How a Supportive and Diverse Culture Helped Land This NSA Employee Her Dream Job
February 2, 2021
Many people told Lareesha H. that she would never work for the National Security Agency (NSA) due to its perceived lack of diversity.
They were wrong.
“Through hard-work, late nights and additional schooling. I made sure I possessed the necessary skills to obtain a position at NSA,” she says. “In 2009, my dream came true - not only working at NSA but also in the exact job I wanted.”
Now an 11-year veteran of the agency, she recently reflected on her journey to NSA and the agency’s success in fostering a supportive and diverse work environment.
She said it all started with a motto she tries to live by: “If fear is the only thing that is holding you back, then you have a good chance at meeting your goal, because FEAR you can overcome with trying.”
Lareesha grew up a ‘military brat’ oversees before her family settled in Maryland in 1994. She was a typical kid who loved running track, writing poetry and shopping.
She attended Morgan State University and became a lifelong member of the Delta Sigma Theta sorority, a not-for-profit organization that provides assistance and support through established programs in local communities throughout the world.
“Delta Sigma Theta Sorority taught me that the sky is the limit, it is ok to step out of your comfort zone, and the reward you get from helping others is unmeasurable,” she says. “I strive to be a strong, effective leader who provides emotional support, career guidance, networking opportunities and resource assistance to my coworkers. When I see someone overcome a problem at work or receive a promotion based off my assistance; it brings great joy to my heart and it is why I do what I do.”
After graduating, her early professional life included working as a contractor for the Office of Personnel Management. In that role, Lareesha learned about different federal agencies and what they do. One of those agencies was NSA, and she was inspired to join an organization dedicated to protecting national security.
During her time at the agency, Lareesha has held several posts. She’s conducted background investigations, determined security clearance eligibility, and worked in Counterterrorism as a Compliance Officer.
Then she needed a change.
“Always, looking to learn, I set my sights on a new mission. I became a part of the USCYBERCOM Cyber National Mission Force for three years,” she says. “I then became a Staff Officer and now am Chief Intelligence Oversight Program Manager.”
Lareesha says one advantage of her current position is the work-life balance it offers. She’s thankful the agency not only allows her time to pursue her passions, but actively supports it.
“I have maximum flexibility to attend in-person/virtual sorority events that consist of community service and mentorship,” she says. “NSA encourages its staff to engage in such activities as it provides an opportunity for one to give back to society, but also provides guidance and motivation to junior-level employees.”
Throughout her move up the ranks, one tool Lareesha has taken advantage of is NSA’s employee resource groups (ERGs). ERGs are groups of employees who join together based on shared interests or life experiences – providing support, enhancing career development and contributing to personal development.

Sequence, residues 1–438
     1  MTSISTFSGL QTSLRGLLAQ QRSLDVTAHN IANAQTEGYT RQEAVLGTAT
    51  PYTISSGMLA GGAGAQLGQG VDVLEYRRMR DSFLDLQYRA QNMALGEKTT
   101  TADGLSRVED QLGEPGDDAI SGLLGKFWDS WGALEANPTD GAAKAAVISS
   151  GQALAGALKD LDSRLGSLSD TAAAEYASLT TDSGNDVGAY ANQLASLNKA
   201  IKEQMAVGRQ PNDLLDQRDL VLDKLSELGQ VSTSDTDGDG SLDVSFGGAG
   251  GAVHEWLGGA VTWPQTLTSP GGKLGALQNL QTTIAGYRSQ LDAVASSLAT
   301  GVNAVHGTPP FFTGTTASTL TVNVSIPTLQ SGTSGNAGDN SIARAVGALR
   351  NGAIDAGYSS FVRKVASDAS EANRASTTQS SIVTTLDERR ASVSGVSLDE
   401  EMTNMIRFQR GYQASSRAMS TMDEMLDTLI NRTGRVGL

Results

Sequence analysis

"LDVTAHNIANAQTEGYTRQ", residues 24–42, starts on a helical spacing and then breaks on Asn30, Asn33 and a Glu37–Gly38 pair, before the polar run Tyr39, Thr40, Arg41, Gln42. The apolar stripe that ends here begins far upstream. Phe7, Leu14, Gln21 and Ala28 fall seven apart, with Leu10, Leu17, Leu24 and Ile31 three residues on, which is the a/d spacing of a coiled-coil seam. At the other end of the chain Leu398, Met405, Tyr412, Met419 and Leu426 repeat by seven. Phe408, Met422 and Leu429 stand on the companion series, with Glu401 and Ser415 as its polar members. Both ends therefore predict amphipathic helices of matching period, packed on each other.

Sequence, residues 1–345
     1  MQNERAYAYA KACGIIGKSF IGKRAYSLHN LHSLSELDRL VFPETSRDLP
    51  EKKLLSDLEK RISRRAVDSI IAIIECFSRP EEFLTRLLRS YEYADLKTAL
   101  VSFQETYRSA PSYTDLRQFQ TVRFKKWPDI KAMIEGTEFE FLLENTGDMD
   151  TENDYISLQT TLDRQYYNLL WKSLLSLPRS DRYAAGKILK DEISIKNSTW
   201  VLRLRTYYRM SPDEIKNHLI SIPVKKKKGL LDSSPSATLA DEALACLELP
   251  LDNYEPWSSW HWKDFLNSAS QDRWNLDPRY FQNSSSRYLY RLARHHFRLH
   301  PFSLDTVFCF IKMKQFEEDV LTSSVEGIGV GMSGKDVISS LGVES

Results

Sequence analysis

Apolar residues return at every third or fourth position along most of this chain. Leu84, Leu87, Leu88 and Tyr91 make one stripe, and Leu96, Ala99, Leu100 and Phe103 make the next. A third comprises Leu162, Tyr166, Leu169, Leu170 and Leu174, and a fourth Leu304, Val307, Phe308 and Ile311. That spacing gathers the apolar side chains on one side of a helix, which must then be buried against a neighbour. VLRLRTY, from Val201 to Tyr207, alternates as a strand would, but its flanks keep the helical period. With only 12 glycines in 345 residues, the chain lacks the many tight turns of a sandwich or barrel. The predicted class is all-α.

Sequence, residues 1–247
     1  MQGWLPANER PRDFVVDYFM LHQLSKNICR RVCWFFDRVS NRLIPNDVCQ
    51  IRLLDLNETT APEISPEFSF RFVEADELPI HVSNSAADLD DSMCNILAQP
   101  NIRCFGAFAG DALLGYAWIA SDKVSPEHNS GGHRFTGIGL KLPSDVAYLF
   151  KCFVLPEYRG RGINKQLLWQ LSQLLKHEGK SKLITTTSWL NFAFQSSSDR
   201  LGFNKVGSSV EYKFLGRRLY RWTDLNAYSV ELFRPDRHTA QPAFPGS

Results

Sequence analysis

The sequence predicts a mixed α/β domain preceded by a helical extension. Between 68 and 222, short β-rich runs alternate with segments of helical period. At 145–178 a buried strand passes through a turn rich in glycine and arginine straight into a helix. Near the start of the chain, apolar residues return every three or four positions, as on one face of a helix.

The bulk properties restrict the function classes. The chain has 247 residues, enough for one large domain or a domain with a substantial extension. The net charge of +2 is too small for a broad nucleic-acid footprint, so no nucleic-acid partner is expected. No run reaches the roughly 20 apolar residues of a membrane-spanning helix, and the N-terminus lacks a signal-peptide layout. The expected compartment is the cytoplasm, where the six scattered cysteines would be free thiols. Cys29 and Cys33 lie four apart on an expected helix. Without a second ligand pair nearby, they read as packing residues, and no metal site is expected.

“I am a member of the African American ERG, People with Disabilities ERG, Women ERG, as well as Blacks in Government (BIG),” she says.
As someone who has worked throughout the agency in different departments, and as an African American woman, Lareesha has a unique perspective on NSA diversity efforts.
“When I came to the agency 11 years ago, I looked around and realized very few people ‘looked like me,’” she says. “It was intimidating, scary and often uncomfortable. Most people find comfort in knowing people are the same race, age or gender. It’s an unspoken bond and reassuring hand, even if you never meet the person.
However, Lareesha says NSA is much more diverse now than when she started.
“NSA is comprised of individuals of all races, some have disabilities, some are transgender, different ages, have different personal/professional experiences and are from different cultural backgrounds,” she says. “Any project you work on will be diverse.”
So what’s her advice for minorities thinking about a career at the agency?
“NSA can be intimidating, but it has a great mission, some excellent mentors, and the skills you learn are so valuable, not just from a professional standpoint but also a personal one.”
Lareesha says every day at the agency can be a new adventure, and the skills she’s learned have helped her succeed. Not just with her own work, but with helping to assist others when necessary.
“I always believe in doing the best I can with the tools I was given,” she says. “If those are not the correct tools, I make my own; ensuring the job is completed in timely and satisfactory manner. I recall a coworker who was struggling with a work project, so I stayed late to assist and offer ideas. She completed the project on time and received an award.”
Lareesha admits that, like any job, there are ups and downs, pros and cons, to working at NSA. However, she says working at the agency will teach you two priceless attributes, which to her are far better than any technical skill.
“You will learn Perseverance and Resiliency,” she says.
“Which will become two of your greatest attributes in life.”